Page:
Egg is not an ingredient I would think to pair with champagne. But then, what do I know, I have never drunk a $399 bottle of Krug Grande Cuvee before.
In truth, I still have not drunk an entire bottle of this liquid gold; I had to share it with my two colleagues for an after-work ‘‘Thank Krug It’s 5 o’clock’’ experience.
For a fleeting 60 minutes I dined like I was one of the elite and wealthy, enjoying a lake view from Queenstown’s Eichardt’s restaurant and bar. The bar is part of a private hotel redevelopment that will boast the most expensive penthouse in New Zealand when it opens next month. The $10,000-a-night-penthouse comes with a private chef and butler.
My fantasy of being rich and famous continued when the suave-looking waiter, serving a platter of exquisite food pairings to accompany the wine, revealed himself as the penthouse’s butler.
If my mouth was not salivating over the spread before me, I would have quizzed him for longer about what being a butler would involve.
Head concierge Kieran Gardiner directed our attention to the dishes designed by executive chef Will Eaglesfield as part of a ‘‘single ingredient programme’’, running throughout November and December whereby they let one ingredient shine to complement the champagne. The concept is designed to ‘‘redefine casual after-work drinks’’, and give people the opportunity to enjoy a flute of Krug Grande Cuvee along with exciting food pairings.
Gardiner says this year, Krug have chose the ‘‘humble, simple, versatile’’ egg - sourced from Roxburgh, in Central Otago.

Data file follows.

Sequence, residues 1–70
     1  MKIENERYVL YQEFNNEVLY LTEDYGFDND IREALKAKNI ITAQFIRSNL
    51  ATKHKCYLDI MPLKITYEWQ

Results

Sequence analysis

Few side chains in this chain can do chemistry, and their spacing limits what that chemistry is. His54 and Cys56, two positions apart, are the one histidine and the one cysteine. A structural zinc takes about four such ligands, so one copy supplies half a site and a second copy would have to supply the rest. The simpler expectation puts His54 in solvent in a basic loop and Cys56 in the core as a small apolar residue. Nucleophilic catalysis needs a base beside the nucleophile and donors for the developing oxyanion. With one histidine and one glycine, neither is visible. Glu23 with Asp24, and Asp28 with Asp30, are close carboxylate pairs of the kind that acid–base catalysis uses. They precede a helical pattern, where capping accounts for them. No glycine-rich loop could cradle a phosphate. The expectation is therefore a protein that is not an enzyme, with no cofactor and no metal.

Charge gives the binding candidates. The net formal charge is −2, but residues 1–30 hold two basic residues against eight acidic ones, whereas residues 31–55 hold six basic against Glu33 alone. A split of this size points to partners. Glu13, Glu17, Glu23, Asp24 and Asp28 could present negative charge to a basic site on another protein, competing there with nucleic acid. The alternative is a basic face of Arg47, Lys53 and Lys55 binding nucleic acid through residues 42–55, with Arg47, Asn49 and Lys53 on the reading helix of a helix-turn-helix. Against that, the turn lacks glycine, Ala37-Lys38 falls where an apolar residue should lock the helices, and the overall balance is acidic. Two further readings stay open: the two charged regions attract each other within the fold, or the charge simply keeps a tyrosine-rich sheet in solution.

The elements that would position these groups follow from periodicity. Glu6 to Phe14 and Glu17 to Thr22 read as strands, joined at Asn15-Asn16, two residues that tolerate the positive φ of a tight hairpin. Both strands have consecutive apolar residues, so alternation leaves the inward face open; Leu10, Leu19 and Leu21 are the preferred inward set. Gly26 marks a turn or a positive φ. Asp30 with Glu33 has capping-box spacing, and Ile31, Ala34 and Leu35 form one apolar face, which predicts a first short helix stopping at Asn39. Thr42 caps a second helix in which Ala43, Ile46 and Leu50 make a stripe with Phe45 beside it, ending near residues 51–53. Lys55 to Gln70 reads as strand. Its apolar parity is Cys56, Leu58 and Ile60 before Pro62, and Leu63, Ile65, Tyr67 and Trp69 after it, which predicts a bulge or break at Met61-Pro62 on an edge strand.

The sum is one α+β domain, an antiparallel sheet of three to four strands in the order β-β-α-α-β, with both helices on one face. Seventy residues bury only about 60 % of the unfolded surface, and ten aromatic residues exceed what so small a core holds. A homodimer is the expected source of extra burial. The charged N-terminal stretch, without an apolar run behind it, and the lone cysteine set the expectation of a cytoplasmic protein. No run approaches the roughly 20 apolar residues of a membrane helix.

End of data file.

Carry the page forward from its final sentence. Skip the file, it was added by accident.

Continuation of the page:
‘‘It’s a bold choice for champagne but that is what they wanted to go with. Something that is super singular and create dishes based around that.’’
Eaglesfield has designed three entre´e dishes for tasting, including a long scotch egg served alongside Havoc pork and sage sausage and sourdough breadcrumbs; brioche toast topped with egg salad that was peppered with saffron for richness and High Country salmon roe; and a whitebait fritter on a prawn cracker. ($40).
These morsels were exquisite, but there was no denying the star of the table was the Krug. An added feature, each bottle has a unique identification number which you can look up on the Krug website to find out interesting details about the very bottle you are drinking. I discovered my bottle had spent over eight years ageing in the Krug cellars and received its cork in winter 2014/2015. This bottle was a blend of 183 wines from 12 different years, the oldest from 1990 and the youngest from 2007. Fascinating!
What was just as fascinating - if not more - came from the butler.
‘‘In the Krug family, when a child is born, they give it a sip of champagne before it tastes the mother’s milk. It is a tradition in the family.’’ What: Thank Krug It’s 5 o’clock Where: Eichardt’s
When: From 5pm, Fridays throughout November and December
Cost: Flute of Krug $49, bottle $399; $40 tasting menu
Senior brand manager Ali Campbell says traditionally Krug is only available to purchase by the bottle, and having Krug available by the flute is a ‘‘once-a-year opportunity’’, and a great way to celebrate in style.